It is “Auto Show” week in Detroit, as the city hosts the 2017 North American International Auto Show.  This week includes press unveils of new and updated models, the latest mobility technologies at the AutoMobili-D pavilion, the charity preview featuring 17,000 auto industry players in tuxedos and long dresses and, of course, predictions for where the automotive market in North America is going in 2017.

Some of those predictions were reviewed at the Association for Corporate Growth’s “Automotive Outlook” event held on January 10th at the beautiful and buzzing Detroit Athletic Club.  The featured speakers included Michael Robinet, Managing Director, Automotive Advisory Solutions at IHS Markit (IHS), one of the most respected forecasters in the automotive industry, and Dave Andrea, Executive Vice President of Research for the Center for Automotive Research (CAR), one of the most respected researchers in the automotive industry.  As expected with speakers of this caliber, the content was excellent.

Several themes emerged from the forecasts.

The North American Automotive Industry Will Be Flat This Year.

In 2016, a total of 17.55 million cars and light trucks were sold in North America, a record.  For 2017, IHS forecasts 17.6 million units and CAR forecasts 17.5 million units.  These are great numbers by historical reference, but are further evidence of the “plateauing” of the industry that we have observed recently.

President Elect Trump Has Added Some Uncertainty to the Market.

This sounds like an understatement, but it is worth emphasizing.   There is increased uncertainty regarding trade policy, including potential renegotiation of the NAFTA  treaty and/or increased tariffs on cars imported from Mexico.  There is also increased uncertainty regarding energy policy, including whether the higher Corporate Average Fuel Economy (CAFE) standards, due to become fully effective in 2025, will be relaxed (although product plans are becoming less alterable as we get closer to that date and hybrids already play an increasing role in those plans), and the impact of energy policy and oil prices on car buying decisions.  Tax reform may also drive activity in unknown ways.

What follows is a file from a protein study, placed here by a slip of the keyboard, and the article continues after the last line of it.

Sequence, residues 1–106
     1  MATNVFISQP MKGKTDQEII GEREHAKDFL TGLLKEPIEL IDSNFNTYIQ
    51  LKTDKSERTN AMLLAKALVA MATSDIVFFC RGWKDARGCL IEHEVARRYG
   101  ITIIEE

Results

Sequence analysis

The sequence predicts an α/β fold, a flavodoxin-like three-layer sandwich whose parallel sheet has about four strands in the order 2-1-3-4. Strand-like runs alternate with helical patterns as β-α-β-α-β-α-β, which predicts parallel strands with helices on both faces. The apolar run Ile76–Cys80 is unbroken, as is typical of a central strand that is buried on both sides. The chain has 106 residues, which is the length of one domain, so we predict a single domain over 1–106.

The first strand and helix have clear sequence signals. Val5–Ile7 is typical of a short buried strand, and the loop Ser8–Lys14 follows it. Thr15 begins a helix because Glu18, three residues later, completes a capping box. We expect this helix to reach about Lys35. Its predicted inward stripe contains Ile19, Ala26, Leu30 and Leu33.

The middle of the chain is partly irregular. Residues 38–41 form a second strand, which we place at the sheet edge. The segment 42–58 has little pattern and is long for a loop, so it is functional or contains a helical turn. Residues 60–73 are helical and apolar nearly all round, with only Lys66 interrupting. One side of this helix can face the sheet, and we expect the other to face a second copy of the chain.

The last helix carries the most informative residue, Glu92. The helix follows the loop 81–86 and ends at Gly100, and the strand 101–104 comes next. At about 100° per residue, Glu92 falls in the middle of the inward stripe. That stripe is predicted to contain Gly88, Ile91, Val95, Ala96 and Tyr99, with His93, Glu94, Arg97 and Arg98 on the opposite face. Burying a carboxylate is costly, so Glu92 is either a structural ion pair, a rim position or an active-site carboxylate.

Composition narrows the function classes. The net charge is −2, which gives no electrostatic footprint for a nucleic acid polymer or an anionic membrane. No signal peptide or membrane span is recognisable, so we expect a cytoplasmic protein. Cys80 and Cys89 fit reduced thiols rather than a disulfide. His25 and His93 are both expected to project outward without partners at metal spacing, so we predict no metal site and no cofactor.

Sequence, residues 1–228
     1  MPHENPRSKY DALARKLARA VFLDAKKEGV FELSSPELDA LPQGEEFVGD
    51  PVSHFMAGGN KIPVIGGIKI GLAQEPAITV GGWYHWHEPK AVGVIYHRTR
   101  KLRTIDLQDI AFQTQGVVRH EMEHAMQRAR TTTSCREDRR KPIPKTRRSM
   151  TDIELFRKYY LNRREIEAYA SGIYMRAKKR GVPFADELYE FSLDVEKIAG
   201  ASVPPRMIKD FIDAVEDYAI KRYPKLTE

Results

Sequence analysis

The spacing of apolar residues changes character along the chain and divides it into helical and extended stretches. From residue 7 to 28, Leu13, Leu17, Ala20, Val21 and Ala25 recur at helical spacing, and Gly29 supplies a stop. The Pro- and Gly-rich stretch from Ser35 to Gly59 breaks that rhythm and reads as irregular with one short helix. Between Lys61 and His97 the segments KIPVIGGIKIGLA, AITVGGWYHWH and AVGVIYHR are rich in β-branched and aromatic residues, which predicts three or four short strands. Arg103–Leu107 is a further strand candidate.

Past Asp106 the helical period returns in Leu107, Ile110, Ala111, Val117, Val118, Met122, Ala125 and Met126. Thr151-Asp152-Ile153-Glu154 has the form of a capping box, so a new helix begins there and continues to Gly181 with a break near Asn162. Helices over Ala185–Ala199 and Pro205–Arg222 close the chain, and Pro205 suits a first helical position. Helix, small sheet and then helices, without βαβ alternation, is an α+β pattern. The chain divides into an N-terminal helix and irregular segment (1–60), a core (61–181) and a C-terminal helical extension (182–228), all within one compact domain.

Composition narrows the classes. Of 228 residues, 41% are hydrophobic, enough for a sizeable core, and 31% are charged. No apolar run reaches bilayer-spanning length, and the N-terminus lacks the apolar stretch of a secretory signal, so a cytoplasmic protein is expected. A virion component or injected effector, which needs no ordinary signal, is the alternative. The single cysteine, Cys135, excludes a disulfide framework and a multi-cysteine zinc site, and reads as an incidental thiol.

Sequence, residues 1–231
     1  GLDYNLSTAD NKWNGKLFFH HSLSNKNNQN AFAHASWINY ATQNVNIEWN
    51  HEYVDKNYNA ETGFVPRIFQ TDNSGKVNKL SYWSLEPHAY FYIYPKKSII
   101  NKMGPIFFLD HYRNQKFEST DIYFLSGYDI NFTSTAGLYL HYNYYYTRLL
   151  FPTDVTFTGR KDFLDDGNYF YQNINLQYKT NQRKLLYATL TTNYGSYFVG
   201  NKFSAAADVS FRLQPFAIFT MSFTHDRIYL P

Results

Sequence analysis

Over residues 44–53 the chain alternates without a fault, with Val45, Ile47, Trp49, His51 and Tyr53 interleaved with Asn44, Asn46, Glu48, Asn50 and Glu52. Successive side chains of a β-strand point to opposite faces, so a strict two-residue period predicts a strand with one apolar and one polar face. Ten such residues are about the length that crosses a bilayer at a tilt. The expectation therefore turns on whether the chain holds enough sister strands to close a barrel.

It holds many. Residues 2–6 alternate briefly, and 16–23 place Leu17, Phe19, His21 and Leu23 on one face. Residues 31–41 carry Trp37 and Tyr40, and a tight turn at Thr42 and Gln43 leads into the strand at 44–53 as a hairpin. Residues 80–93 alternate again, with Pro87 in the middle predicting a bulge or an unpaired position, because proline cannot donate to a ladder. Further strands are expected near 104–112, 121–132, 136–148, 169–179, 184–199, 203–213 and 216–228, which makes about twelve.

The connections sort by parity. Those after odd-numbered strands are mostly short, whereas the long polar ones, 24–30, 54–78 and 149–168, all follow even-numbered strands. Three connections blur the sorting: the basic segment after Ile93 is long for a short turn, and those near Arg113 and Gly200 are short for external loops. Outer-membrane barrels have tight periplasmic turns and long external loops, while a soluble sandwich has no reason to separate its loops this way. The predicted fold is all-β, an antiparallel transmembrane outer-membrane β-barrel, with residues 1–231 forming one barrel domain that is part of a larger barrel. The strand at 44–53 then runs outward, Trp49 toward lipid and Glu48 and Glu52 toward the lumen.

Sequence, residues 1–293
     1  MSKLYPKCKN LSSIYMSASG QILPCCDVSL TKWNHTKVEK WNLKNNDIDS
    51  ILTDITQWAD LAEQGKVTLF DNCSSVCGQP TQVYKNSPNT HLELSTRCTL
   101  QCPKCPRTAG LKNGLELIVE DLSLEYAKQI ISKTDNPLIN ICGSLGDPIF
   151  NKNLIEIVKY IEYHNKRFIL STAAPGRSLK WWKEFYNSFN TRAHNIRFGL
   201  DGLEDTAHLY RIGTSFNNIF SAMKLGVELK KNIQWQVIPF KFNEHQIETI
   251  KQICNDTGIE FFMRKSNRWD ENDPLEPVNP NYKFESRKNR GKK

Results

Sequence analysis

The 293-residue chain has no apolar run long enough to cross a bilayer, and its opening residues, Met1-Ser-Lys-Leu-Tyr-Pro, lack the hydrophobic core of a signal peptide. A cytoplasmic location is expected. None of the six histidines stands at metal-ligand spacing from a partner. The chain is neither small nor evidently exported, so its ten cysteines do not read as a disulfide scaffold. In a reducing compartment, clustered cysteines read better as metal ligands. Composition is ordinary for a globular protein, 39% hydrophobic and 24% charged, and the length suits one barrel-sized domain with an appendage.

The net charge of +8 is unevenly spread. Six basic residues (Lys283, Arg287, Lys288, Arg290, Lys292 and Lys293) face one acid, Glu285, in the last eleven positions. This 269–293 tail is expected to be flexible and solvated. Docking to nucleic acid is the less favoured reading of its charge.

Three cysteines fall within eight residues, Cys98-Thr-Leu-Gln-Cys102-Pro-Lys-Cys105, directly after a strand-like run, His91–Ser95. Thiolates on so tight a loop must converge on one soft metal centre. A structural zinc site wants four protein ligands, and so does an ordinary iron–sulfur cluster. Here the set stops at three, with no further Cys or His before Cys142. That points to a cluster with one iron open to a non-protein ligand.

It is All About the Mix.

The overall automotive market in North America is strong, but not all segments are strong.  Light trucks and SUV’s/CUV’s continue to do well; passenger cars/sedans are much softer; and the adoption of electric cars continues to be relatively modest (although the new Chevrolet Bolt, a 238 mile range EV that received the Motor Trend Car of the Year Award for 2017 earlier this week, is expected to be well received – pictured above).  This mix impacts OEMs and automotive suppliers in different ways, and both IHS and CAR cautioned attendees to “look beneath the waves/look beneath the water line” (pick your metaphor) to see what is really going on in detail in the market.

Connected and Autonomous Vehicle Development is Accelerating.

The industry is in a modern “race to the moon” to achieve full vehicle autonomy, which is still a ways off, but within the planning horizon.  We are moving to Level 3 now – autonomy with driver intervention. While widely adopted, on road Level 5, full autonomy without intervention, is still far out there in the mid-2020’s at best.  In my mind, technology will continue to move faster than standards setting and harmonization, infrastructure improvements, and full consumer acceptance.  In the interim, automotive companies must operate in the current market, adjust to the emerging ridesharing and car sharing models as Vehicle Miles Traveled continue to be split in different ways, and develop and implement enhanced connectivity and safety features (ADAS) as the march to autonomy continues.

Risk is Rising/Disintermediation Will Occur.

With mobility models changing, nontraditional players coming into the market, political and regulatory uncertainties increasing, and vehicle price increases (with the enhanced content) beginning to challenge affordability for many consumers, the risks in the market are increasing overall.  Will OEMs and large Tier 1’s continue to be the technology integrators in the future, or will others increasingly play that role?  Players that adapt to these risks most nimbly and correctly will be rewarded, while others will be challenged.

In 2017 overall, it will be a pleasure and thrill to be part of one of the most interesting and watched industries: the mobility industry.